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Health Care Reform and Employers

Update: June 28, 2012 – U.S. Supreme Court upholds health care reform law

On March 23, 2010, President Barack Obama signed the Patient Protection and Affordable Care Act (PPACA) into law, and on March 30, 2010, he signed the Health Care and Education Affordability Reconciliation Act of 2010 (HCEARA), which contained amendments to the PPACA, into law. The two laws make up an expansive health care reform package that will have many far-reaching effects on employers.

Read the latest news on health care reform

Benefits Complete Compliance – comprehensive online management reference service and reference manual

Immediate Reforms
The health care reform package contains several provisions that immediately affect employers. Such provisions include:

  • Changes to health plans;
  • Tax credits for small businesses; and
  • A temporary retiree reinsurance program.

Employer Responsibility
Penalties. The health care reform package doesn’t require employers to provide insurance coverage to their employees. However, beginning in 2014, employers that don’t offer coverage or don’t offer coverage that is considered good enough will be penalized.

Free choice vouchers. Additionally, beginning in 2014, employers may have to provide certain qualified employees with “free choice vouchers” to be used to purchase qualified health care plans on the health care exchanges created by the new reform package. (States will have set up Small Business Health Options Programs (SHOPs or SHOP exchanges) by 2014 where small businesses with up to 100 employees can purchase coverage.)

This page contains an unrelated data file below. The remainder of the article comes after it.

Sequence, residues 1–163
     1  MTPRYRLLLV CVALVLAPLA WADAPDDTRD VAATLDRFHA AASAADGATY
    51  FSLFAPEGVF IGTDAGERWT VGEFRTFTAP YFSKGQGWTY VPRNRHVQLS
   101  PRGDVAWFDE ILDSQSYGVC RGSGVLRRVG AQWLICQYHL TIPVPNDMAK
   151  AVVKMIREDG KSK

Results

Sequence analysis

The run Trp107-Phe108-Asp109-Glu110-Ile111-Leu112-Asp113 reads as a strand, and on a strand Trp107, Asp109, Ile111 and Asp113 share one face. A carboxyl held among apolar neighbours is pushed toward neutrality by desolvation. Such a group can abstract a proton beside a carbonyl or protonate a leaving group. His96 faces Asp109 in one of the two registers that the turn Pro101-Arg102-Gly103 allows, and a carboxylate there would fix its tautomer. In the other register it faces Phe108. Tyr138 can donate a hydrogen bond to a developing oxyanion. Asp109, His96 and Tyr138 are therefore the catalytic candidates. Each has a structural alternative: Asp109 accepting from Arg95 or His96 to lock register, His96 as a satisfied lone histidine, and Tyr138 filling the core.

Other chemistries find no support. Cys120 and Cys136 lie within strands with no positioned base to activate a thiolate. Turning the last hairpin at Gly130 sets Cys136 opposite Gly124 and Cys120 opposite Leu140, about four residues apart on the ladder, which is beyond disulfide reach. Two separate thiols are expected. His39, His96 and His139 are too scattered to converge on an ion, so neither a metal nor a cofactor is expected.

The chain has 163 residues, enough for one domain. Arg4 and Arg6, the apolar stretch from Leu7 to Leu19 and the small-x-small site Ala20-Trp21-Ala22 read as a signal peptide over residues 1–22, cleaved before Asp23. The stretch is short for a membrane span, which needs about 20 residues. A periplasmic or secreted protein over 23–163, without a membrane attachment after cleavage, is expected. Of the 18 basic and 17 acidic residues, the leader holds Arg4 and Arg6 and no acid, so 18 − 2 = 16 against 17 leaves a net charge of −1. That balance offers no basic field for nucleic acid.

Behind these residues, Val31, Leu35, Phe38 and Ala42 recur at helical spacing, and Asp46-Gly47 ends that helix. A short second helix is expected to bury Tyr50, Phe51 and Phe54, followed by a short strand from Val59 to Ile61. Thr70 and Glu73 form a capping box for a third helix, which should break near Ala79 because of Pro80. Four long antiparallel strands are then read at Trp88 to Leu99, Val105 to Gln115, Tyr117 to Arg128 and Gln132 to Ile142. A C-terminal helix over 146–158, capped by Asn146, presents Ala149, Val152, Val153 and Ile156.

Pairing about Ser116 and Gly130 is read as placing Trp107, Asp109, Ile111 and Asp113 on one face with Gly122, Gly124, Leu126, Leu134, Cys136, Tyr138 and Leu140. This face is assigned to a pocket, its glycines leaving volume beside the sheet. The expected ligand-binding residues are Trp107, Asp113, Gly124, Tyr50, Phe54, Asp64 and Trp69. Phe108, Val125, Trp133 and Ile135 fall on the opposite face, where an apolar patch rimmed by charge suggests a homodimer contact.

Automatic enrollment. Under the health care reform package, if an employer has more than 200 employees, it will have to automatically enroll its employees in one of the health insurance plans it offers (if it offers a health insurance plan). Employees can opt out of coverage.

Cadillac tax. The package of bills also creates a tax on employer-sponsored high-end “Cadillac” coverage that will begin in 2018. The tax is 40 percent of the “excess benefit” of plans that exceed the thresholds of $10,200 for individual coverage and $27,500 for family coverage.

Reporting responsibilities. Employers may have more reporting requirements under the new health care reform package. The new laws will require certain large employers to report the health insurance coverage they offer on a return and will require employers to report the cost of employer-sponsored health coverage on Form W-2s.

HR Guide to Employment Law: A practical compliance reference manual covering 14 topics, including health benefits

More Reforms
The new legislation also contains many other provisions that will affect employers and become effective in the next several years. Among other things, the new package contains provisions affecting:

  • preexisting condition exclusions;
  • annual limits on coverage;
  • waiting periods;
  • annual contributions to health flexible spending arrangements (FSAs) under cafeteria plans;
  • the deduction for expenses allocable to the Medicare Part D subsidy;
  • distributions for qualified medicine under health savings accounts (HSAs), Archer medical savings accounts (MSAs), FSAs, and health reimbursement arrangements (HRAs); and
  • rewards offered to employees who participate in a wellness program and meet certain health-related standards.